But to keep these secondary characters from becoming stale and lifeless, you have to give them a reason to live in your story. They just can't be an extra. They have to have a history with the main character. And you have to find that history out. Learning the dynamics of a relationship so you will know as an author how the two will interact makes a huge difference to the believability of  your story.

But, say, you have a co-worker that sits  in the cubicle next to you and always plays KLOVE on her computer softly, leaves encouraging notes, polite, loving and godly? Now what if your main character isn't and this person drives them batty like fingernails on a chalkboard? That is a great relationship to have. Because what if this hero/heroine is all alone in life and when they hit that black pool of despair, who are they going to turn to? How about the young woman in the cubicle over who has always shown Christ's love even in the face of your main character's persecution?

Secondary characters and their roles for the story come from every place and circumstance. The best thing that you can have happen to a story, I think, is to be writing it and the secondary characters try to take over. It is because you have fleshed them out to such a degree that they want a story of their own. They have needs, desires, trials and a story to tell, but they must wait their turn. Remind them of that, otherwise they will jump in and take over.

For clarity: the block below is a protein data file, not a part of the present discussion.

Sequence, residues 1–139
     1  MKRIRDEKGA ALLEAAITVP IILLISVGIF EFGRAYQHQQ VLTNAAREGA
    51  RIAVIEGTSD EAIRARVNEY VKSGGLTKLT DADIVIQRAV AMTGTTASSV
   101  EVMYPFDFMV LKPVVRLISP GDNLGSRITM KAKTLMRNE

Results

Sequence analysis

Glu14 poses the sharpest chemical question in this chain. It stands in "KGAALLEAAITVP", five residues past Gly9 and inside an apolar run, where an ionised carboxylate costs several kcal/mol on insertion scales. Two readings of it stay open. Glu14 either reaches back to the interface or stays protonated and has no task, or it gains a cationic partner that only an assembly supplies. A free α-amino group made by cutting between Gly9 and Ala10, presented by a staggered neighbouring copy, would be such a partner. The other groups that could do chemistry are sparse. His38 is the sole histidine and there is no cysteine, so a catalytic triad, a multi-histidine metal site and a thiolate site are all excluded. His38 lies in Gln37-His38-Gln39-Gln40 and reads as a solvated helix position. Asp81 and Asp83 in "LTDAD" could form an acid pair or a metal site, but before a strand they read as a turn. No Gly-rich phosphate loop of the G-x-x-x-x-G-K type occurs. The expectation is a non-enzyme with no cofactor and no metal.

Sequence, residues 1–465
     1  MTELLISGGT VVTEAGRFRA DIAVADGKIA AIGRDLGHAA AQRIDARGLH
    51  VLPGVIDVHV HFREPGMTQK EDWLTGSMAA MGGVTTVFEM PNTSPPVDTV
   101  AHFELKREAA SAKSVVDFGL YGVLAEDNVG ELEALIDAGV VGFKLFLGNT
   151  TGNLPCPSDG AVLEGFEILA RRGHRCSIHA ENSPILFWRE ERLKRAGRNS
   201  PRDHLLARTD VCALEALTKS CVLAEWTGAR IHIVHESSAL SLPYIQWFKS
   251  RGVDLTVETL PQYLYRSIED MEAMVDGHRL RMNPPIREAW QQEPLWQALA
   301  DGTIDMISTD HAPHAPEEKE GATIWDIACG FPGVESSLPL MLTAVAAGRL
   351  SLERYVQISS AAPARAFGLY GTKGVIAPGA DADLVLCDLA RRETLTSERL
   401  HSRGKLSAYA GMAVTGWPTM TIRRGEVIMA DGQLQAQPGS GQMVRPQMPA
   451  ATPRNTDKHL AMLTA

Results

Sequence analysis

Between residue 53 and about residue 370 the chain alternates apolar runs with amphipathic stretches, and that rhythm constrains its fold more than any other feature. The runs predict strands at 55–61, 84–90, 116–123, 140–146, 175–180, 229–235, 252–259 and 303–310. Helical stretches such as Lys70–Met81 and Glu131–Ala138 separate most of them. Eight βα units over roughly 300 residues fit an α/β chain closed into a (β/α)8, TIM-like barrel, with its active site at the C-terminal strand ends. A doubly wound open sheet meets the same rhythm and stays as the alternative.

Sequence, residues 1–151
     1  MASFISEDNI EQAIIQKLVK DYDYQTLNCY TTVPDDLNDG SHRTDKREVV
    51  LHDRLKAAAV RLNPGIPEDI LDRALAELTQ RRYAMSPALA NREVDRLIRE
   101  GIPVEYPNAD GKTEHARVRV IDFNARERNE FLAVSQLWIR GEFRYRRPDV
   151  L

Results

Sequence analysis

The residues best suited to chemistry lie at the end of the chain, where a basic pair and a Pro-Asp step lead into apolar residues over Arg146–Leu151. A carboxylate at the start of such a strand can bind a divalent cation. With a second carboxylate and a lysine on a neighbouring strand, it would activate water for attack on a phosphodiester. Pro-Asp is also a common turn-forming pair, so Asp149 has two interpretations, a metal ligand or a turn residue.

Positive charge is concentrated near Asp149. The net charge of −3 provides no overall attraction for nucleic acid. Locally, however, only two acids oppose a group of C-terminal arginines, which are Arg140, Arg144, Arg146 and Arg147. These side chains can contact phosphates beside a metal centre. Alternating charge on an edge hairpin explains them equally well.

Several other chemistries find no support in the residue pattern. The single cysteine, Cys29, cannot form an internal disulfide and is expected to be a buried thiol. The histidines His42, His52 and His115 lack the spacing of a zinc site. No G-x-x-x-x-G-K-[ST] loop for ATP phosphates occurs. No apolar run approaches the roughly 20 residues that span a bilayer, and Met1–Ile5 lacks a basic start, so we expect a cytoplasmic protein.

But if you have secondary characters that do that in your story, consider yourself blessed. You have truly created characters that will compliment your hero/heroine and breathe life into your story.

This marks the end of my Myth Buster (cue dramatic music here) series. Was it helpful? Did you enjoy the theme? I would love to hear your thoughts. And do tell about your secondary characters as well. Have you had one take over a story? Are they begging for a spot in the limelight? Don't deny them too long. :-)

Wednesday, September 29, 2010

Essence of Plotting

A movie commentator once said about a particular motion picture:  "This movie had the best actors, fantastic lines, but no plot."   

What was missing? 

Plot is the essence of any story.  Essential to a substantive plot is quality characters set in a place where conflict lurks. They should reach out and yank readers into the pages of their journey from the first word to the last. 

A good plot begs readers to cheer, offer advice, weep, or complain out loud about the decision making process of the characters. 
"Why didn't you ________ . 
Couldn't you see __________ coming? 
Now look at the mess you're in!"

The result?  Readers stay up way past their bedtime turning one page ofter another.

Perhaps this will help:

This summer, my husband set piles of weathered treated wood, tools, cement mix, wheelbarrow, screws, and etc. in our backyard.  While he had everything he needed to build the deck sorted, it wasn't the final product.  Quality products and their needed tools are like great characters and their lines, the former is not a deck, and the later is not a story.